What Are Complementary Therapies

         Complementary therapies are therapies that you use alongside traditional therapy and treatments. Even if traditional therapy and medications are working for you, complementary therapy can still provide benefits and improve your overall mental health. No therapy or medications should be stopped without doctors approval even if you are feeling better.

 

Some people have success with dealing with psychology on a physical level. In some cases a diagnosed mental illness is the result of a vitamin deficiency or physical illness. Complementary therapies can be a good way to deal with medication side effects. A lot of psych medications have the side effect of weight gain or fatigue which can also be enormously affected by diet and exercise.

 

Music therapy can be a replacement for traditional therapy if done by an accredited music therapist. While listening to music on your own can be very helpful in improving mood, Music therapy is much more than that. From helping people regain speech after a brain injury to lessening the effects of dementia, music therapy is certainly something worth asking about at your next appointment.

 

Meditation is an underrated resource for improving your mental health. Not only can it be good for anxiety and depression but it is also good for regulating sleep patterns and pain relief. I suggest starting off with guided meditation which you can find videos of on youtube or podcasts on itunes.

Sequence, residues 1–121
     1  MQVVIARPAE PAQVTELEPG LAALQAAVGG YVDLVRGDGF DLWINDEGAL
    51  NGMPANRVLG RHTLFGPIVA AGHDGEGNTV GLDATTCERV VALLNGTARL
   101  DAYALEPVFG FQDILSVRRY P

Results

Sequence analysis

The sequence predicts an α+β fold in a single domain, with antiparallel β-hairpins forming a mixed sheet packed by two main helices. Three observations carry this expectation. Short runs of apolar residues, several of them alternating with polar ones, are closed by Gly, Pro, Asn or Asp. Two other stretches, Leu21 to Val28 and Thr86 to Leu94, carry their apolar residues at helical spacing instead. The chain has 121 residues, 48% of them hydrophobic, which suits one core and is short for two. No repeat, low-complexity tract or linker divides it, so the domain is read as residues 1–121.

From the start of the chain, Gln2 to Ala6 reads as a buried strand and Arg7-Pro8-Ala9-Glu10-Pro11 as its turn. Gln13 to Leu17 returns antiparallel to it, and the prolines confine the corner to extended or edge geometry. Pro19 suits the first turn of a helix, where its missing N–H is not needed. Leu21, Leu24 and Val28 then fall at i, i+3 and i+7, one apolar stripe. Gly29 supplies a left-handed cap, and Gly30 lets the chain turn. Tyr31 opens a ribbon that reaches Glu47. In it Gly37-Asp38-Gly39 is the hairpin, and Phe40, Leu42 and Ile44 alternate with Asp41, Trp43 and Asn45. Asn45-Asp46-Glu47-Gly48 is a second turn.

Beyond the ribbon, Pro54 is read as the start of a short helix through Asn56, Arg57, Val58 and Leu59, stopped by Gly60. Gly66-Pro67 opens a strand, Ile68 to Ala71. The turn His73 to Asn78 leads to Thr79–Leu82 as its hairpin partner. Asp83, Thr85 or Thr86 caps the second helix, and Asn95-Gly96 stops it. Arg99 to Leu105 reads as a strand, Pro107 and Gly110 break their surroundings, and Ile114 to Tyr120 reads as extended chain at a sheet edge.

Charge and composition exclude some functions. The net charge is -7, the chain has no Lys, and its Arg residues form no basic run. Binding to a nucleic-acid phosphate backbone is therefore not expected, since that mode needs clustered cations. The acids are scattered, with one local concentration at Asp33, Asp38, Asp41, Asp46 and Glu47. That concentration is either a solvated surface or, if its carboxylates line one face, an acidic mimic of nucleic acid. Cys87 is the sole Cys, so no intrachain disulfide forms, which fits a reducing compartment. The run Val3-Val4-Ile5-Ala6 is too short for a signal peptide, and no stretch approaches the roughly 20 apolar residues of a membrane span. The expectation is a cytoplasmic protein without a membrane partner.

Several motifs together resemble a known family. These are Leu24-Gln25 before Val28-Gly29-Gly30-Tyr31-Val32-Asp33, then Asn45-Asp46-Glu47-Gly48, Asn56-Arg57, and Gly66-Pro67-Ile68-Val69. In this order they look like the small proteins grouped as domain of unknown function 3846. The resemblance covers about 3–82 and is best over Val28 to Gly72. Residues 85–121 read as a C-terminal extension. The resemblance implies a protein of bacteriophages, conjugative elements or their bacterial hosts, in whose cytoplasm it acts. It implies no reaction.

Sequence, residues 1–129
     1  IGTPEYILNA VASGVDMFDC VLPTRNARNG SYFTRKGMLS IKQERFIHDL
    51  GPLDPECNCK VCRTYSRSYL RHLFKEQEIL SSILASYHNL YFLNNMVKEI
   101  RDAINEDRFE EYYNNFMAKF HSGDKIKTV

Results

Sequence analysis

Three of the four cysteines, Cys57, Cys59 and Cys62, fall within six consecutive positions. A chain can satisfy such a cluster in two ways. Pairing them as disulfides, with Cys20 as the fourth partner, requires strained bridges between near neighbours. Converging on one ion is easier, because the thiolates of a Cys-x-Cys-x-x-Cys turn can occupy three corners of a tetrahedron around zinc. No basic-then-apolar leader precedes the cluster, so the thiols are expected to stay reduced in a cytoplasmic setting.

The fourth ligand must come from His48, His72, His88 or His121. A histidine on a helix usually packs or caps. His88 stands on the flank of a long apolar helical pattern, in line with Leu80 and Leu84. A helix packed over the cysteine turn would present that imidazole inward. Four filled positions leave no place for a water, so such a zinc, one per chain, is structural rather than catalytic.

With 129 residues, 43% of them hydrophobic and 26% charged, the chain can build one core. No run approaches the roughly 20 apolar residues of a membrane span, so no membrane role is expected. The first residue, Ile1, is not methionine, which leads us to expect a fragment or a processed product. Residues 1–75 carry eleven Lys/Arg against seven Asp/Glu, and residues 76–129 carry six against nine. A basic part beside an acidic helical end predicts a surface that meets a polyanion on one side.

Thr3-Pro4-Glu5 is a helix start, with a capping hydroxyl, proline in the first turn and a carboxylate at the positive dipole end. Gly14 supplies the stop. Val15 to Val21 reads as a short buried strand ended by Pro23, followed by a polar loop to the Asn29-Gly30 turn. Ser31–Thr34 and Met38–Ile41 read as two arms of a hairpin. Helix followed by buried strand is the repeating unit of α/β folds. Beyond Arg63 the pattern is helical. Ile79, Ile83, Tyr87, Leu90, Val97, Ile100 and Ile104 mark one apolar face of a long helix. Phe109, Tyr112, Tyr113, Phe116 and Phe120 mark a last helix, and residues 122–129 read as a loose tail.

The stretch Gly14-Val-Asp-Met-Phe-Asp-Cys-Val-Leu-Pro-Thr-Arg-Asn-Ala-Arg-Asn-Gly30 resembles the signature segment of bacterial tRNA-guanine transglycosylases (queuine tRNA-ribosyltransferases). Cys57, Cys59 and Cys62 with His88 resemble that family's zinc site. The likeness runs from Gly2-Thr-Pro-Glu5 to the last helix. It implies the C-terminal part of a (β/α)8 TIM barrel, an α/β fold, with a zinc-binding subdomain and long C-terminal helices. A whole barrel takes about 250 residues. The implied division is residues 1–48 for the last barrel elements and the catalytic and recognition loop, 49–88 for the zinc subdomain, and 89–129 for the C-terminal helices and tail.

Wilderness Therapy/Forest Therapy/Shinrin-Yoku are therapeutic programs that bring you into nature. There are programs available for young adults, professionals for team building, veterans, and adults. Forest therapy takes you away from the stress of technology and everyday life.

 

Hypnotherapy/hypnosis isn’t the joke it once was. Anytime I saw someone being hypnotized, I thought most certainly the person was playing along and it was merely a trick. However, through the years it has grown in popularity and more research has been done. While some people are unable to be hypnotized, many people benefit greatly from it. Studies such as one done by the University of Iowa, Journal of Applied Psychology, October 1992 show just hypnosis can work.

 

Art therapy is a form of psychotherapy that is based on creative expression through coloring, sculpting, sketching, painting, etc. While doing these things independently can be therapeutic, there are professionally run programs that can make a bigger impact. From building self-esteem to creating social statements in public settings, art therapy provides assistance in cognitive, social and behavioral mental health.

 

Destruction Therapy is performed in an “anger room” or “rage room”. The aim is to release anger and stress in a safe environment through destruction. Computers, cups, TVs and much more are provided with a price range of $20-$500 depending on location and package. Most places even allow you to bring your own breakables as well. Many people find the experience to be relieving and enjoyable.

 

Vitamins/Supplements are certainly something to discuss with your doctor. It isn’t uncommon for someone to have a vitamin deficiency which can cause symptoms like fatigue and worsened depression. Before you start taking any vitamin, your doctor should review your current medication to ensure no interactions occur. Blood tests should be done as well to see if you have any vitamin deficiencies.